Today's written certification raises interesting questions about the pending case of Log Cabin Republicans v. United States, in which Judge Phillips ruled last year that the policy then in effect (prior to passage of the Repeal Act) was unconstitutional.  She issued a worldwide injunction against the enforcement of the policy, which was stayed by the 9th Circuit pending the government's appeal.  The Repeal Act was passed before formal briefing and argument of the appeal was to take place, and the government asked the court to put the case "on hold" with the idea that once the policy was ended, the case would be moot and would not need to be decided.  The court rejected that proposal and set a briefing schedule. 

The government responded by filing a brief arguing that passage of the Repeal Act had changed the legal issue before the court.  According to the government, the constitutionality of the law prior to the Repeal Act was now moot, leaving for the court the question whether the Repeal Act was constitutional.  That is, the government argued that since Congress had authorized repeal of DADT, the only remaining question was whether the method Congress had used to effect that repeal, i.e., keeping the prior policy in place until there was a certification that it could be lifted in 60 days without harming the military, was constitutional.  As to that, the government argued that deference to the political branches and military expertise was sufficient to sustain this temporary continuation of the policy.  Log Cabin Republicans vigorously disputed this, and earlier this month the 9th Circuit seemed to side with LCR, issuing an order to lift the stay and let the injunction go into effect.  After a few days, DOJ filed a motion for reconsideration of that order and sought a temporary stay of the injunction.  The court responded with a new temporary stay, but ordered that nobody be investigated, punished or discharged under the policy during this stay.  The court also set a short briefing schedule on whether the stay should remain in effect pending outcome of the case, but also questioned whether the case would be moot either when the certification was made or when the policy actually ends.

Now the certification has been made, setting the 60 day clock ticking, and there will be a fair amount of internally-generated pressure on the court to dismiss the case as moot.  This pressure should be resisted, because the questions whether the DADT policy in effect from 1993 until December 22, 2010, or its so-called temporary extension from December 22, 2010, through September 20, 2011, were/are constitutional is decidedly NOT MOOT.  The reason is that the application of the policy in various ways caused injuries to various people that should be compensable as constitutional torts if the policy was unconstitutional!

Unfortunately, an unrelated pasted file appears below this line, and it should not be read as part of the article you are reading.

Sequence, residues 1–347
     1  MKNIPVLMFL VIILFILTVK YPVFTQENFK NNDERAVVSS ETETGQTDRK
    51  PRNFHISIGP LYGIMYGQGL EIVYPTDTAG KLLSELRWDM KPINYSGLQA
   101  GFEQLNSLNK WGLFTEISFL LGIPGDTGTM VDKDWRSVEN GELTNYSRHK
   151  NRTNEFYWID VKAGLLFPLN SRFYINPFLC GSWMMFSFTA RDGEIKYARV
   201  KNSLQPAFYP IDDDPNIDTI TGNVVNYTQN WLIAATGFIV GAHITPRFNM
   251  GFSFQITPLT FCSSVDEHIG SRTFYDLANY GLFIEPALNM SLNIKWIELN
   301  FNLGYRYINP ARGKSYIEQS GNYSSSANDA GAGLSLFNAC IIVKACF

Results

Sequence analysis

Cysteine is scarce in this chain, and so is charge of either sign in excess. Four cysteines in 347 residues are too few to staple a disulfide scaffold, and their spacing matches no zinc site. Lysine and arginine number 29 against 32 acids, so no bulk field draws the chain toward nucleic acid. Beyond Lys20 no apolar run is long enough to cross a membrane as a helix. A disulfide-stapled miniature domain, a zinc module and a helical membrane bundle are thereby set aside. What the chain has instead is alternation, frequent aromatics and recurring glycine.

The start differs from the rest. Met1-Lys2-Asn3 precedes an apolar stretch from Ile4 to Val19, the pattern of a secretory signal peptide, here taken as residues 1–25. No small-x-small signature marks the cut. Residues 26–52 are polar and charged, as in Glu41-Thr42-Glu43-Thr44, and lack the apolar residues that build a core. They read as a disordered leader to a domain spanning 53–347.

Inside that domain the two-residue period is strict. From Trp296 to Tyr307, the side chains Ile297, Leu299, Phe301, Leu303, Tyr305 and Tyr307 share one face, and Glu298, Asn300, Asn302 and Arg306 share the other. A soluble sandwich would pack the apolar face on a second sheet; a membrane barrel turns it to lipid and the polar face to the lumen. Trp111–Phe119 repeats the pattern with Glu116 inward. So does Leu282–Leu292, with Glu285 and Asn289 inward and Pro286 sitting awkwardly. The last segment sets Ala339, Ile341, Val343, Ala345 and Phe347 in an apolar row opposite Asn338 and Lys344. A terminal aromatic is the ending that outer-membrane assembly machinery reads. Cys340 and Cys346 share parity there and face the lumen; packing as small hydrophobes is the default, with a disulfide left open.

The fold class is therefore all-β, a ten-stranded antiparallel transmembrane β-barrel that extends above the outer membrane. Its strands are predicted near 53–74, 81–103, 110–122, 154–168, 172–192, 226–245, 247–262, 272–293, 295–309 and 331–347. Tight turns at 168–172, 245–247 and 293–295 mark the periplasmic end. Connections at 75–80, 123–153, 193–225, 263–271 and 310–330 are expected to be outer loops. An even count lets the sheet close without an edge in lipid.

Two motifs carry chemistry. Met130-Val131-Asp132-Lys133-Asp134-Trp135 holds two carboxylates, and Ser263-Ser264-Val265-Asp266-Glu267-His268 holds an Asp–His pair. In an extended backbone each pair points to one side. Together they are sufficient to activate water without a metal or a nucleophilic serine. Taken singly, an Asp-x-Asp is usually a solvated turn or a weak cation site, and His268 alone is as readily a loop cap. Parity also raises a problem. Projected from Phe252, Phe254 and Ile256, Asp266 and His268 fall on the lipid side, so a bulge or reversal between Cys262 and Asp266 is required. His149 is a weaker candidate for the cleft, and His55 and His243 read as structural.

Perhaps the most vivid example are the thousands of individuals who were discharged under the policy.  If the policy was unconstitutional, those discharges were unconstitutional as well, subjecting those individuals to loss of career, earnings, status, veterans benefits and other rights in violation of their rights to equal protection or due process (depending which litigation you were following, Witt v the Air Force or Log Cabin Republicans v. US).  In some cases, the Defense Department sought to recover scholarship money from ROTC members who were expelled under the policy.  In others, DoD sought to recover payment for attending the service academies from cadets who were expelled under the policy, or to recapture the cost of complete attendance from academy graduates who were discharged under the policy.  There are probably plenty of viable claims out there for military pensions as well.  All of these cases will turn on whether the policy that adversely affected these thousands of people was unconstitutional.  So the underlying legal question in the case is not moot, and one hopes the court resists the pressure it will feel internally and the demands it will receive from DOJ to dismiss this case prematurely.

If the government is no longer prepared to defend the constitutionality of the policy, then the appeal should be dismissed, leaving the district court's opinion in place, because the legal question underlying the case is not moot, as future causes of action may turn on it.